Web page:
Donkey Society of Western Australia Inc


To lead your donkey

This is where the donkey comes into his own and says, 'won't and you can't make me', which is quite true; they are so strong several strong men can't make a donkey move if he doesn't want to.  One way to get him started is to pull him sideways.  He can brace his legs to resist a forward movement but by pulling him sideways in the start of a circle he is off balance and will have to take a least one step to the side to retain balance.  This is enough to begin . . . loud exclamations of praise, tell him he is the cleverest donkey in the world, give him a reward. 
Donkeys really do like to please their owners but sometimes they haven't realised this!   A lot of praise goes down well and they start to look for more.  Maybe you will now have to pull him back the other way to get another step.  More praise. 

Another trick is to put the halter on and then get someone to bring in a bit of hay.  Get him to walk to it, praising him all the way, stopping every now and then to make him start again.  If he is hard to stop, make him walk in a circle around you.  This would be my last resort as you won't always be able to have him tempted with hay, but if that is what it takes to get him to move the first time you might have to try it.  However, the principle behind this is that you find out where your donkey wants to go and lead him there.  If he likes going out of the gate to the left better than to the right then take the left turn until you know he is happy being led, then try the right turn when he is in a relaxed state. 

Another way is to have someone clap hands or rustle a plastic bag behind him.  This is where you have to read your donkey.  Some would be terrified at a plastic bag being rustled behind them, some would spin around looking for the carrots that come in plastic bags, and others will be just wary enough to walk on without being distressed.  Of course the plastic bag shaker must stop the moment there is any movement.   Say 'walk on' in a conversational manner.  Say 'Walk On' in a determined manner.  If he still won't walk get the helper to rustle the bag as you say 'WALK ON' in a no nonsense voice.  As soon as he takes a step praise him effusively.  If you think he is about to stop say 'whoa' just before he does, and praise him.  Say walk on again in your conversational voice - if he does praise him to the hilt, if he doesn't get your helper to clap, click or rustle while your voice becomes more and more stern.  

Remember that your donkey doesn't know that you wanted to walk the length of the paddock; if you think three steps is all you are going to get out of him the first time then stop after three steps and pour on the praise, you can walk the length of the paddock another day.  Be very clear in your voice, both with tone and words.  Most people use 'walk on',' whoa', 'stand' and 'trot on', but the words don't really matter as long as you are consistent.  You can't say 'walk on' one time, 'gee up' the next time and 'come on let's go' another time.  Also try to match your tone to the urgency of the demand.  Such as 'waalk onn' to start, then 'Walk On' if that doesn't work, then 'WALK ON'.  If your donkey is being difficult and trying to pull away, we mostly tend to raise our voice bit by bit until we are shouting at them to 'WHOA'!!   Whereas we should be slowing down from 'Whoa' to 'Whooa' to 'Whhoooaa' in a slow deep voice.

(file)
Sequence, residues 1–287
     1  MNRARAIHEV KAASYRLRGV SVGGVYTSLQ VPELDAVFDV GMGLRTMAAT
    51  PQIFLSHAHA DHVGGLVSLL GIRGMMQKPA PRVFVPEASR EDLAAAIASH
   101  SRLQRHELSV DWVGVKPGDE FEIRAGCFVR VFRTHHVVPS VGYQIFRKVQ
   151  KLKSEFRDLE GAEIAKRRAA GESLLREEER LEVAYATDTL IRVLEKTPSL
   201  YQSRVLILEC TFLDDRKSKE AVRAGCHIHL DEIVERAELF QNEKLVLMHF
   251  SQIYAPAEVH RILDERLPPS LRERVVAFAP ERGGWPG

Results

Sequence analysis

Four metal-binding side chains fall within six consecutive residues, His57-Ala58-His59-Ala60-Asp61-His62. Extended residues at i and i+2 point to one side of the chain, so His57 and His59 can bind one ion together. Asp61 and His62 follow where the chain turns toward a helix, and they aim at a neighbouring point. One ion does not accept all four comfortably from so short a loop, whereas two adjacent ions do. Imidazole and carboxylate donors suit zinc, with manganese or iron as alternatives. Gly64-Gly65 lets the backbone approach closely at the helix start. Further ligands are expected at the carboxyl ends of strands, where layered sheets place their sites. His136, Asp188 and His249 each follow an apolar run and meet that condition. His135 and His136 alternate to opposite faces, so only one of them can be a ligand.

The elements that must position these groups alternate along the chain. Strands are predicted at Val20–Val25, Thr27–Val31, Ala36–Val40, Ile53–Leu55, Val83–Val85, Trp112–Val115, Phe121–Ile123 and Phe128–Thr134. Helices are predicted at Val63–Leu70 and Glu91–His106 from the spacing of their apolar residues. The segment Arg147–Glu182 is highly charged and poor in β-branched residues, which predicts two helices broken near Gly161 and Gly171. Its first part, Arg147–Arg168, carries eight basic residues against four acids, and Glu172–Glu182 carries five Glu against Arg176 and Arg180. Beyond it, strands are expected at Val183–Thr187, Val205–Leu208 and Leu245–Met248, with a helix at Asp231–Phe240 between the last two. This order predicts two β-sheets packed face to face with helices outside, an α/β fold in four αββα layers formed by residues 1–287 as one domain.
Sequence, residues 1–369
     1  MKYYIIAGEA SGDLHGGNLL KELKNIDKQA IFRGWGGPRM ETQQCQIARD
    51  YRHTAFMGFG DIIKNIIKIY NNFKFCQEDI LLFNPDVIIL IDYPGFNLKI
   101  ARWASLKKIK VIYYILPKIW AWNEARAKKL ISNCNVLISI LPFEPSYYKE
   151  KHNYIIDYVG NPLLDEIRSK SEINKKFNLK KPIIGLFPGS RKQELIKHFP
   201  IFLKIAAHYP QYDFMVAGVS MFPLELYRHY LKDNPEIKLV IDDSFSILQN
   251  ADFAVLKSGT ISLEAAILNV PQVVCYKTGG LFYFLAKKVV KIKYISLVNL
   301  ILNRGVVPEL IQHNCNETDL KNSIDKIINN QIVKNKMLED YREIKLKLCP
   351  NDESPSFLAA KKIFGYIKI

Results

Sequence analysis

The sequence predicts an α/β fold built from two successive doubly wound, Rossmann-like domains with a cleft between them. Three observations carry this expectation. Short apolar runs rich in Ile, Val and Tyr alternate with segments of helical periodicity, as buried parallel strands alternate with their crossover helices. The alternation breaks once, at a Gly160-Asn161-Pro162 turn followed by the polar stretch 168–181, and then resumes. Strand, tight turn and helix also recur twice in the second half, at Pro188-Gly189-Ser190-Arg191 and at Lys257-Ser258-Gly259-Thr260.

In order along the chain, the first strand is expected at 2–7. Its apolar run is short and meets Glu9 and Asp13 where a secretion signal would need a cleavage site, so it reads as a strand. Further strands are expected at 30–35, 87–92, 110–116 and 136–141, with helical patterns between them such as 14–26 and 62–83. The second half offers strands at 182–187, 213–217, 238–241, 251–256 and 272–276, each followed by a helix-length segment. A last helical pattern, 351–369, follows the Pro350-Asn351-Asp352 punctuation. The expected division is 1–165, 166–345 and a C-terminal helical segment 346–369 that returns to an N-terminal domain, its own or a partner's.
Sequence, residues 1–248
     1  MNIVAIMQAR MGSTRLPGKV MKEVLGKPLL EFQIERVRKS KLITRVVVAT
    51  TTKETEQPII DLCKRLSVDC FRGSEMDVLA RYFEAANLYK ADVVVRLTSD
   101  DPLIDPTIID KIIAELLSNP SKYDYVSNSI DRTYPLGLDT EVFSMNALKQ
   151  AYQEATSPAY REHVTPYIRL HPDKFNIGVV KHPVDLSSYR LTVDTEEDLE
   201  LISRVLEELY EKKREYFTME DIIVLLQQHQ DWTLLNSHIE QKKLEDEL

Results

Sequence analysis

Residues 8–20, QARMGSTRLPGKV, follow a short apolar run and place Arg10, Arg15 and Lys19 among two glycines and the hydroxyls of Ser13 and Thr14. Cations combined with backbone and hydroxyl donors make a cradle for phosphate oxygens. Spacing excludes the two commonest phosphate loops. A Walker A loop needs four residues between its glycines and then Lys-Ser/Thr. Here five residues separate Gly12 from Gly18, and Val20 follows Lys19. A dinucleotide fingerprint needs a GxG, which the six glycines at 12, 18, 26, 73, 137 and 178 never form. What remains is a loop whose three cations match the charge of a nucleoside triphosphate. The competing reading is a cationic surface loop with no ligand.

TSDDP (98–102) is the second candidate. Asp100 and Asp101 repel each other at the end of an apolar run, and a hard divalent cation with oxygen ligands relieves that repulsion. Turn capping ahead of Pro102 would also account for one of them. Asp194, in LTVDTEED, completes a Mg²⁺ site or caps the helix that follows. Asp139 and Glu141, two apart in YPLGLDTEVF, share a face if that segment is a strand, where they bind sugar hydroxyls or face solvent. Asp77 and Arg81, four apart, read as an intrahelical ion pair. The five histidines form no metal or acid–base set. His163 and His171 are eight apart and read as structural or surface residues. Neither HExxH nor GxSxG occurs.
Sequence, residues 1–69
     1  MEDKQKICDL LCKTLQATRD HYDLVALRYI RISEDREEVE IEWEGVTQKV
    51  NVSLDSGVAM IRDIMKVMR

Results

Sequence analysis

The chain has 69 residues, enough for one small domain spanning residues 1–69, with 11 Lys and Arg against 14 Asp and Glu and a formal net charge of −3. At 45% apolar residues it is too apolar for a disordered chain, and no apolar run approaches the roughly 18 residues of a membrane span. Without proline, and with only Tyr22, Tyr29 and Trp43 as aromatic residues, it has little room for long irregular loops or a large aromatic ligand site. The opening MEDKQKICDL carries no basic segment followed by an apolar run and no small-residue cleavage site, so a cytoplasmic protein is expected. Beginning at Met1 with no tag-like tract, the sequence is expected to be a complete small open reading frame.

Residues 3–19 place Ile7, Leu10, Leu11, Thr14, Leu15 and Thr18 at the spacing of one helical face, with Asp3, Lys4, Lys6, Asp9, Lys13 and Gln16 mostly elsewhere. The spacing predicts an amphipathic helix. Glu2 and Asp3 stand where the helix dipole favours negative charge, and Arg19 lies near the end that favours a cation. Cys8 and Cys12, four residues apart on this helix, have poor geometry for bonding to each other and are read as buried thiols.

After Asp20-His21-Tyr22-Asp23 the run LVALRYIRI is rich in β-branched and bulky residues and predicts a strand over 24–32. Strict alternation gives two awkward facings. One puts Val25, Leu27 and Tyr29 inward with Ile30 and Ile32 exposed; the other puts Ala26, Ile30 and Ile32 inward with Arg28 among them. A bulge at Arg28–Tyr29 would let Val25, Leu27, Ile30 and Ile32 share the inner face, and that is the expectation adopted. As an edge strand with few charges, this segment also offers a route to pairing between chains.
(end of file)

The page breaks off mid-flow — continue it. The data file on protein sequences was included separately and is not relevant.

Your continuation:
Because of the need a donkey has to freeze when there is danger, you will find donkeys will often stop and look into the distance while being led.   Don't rush them, watch their ears, and don't ask them to move on until you can see the thing is no longer so interesting.  The more your donkey goes about and sees different things, the less time he will need to check out possibly dangerous situations.  If however, he is really concerned, say with a cardboard box on the other side of the road, it is no good trying to get him to move on.  You will have to leave him where he is, go over and pat the box, talk to it, examine it closely, then go back and tell him it looks OK to you, at which he will say "You didn't think I was nervous, did you?" and walk past without another glance. 

My first clue as to how a donkey thinks was when trying to get our two out of a small dry paddock, through a gate with flood waters already running through it and onto higher ground.  After two hours of using every method available I told them they would have to stay there and drown, and I went out the gate with water up to my thighs, at which they followed me.  They knew what was required but all they wanted to know was how deep the water was and how fast it was flowing.

It is also important to ask your donkey where he likes to be led from.  Donkeys consider themselves to be equals and will pull back if you get too far ahead, so lead them from beside the head.  Some prefer you to be half a step in front to cover the dangerous situations, while others prefer you to be half a step behind to show you are not trying to be superior.  There is a place between the shoulder and the nostril where your donkey will feel you are doing it properly.

by: Helen McIntyre

Have a specific question on leading your donkey?  contact us  and we will try to provide an answer.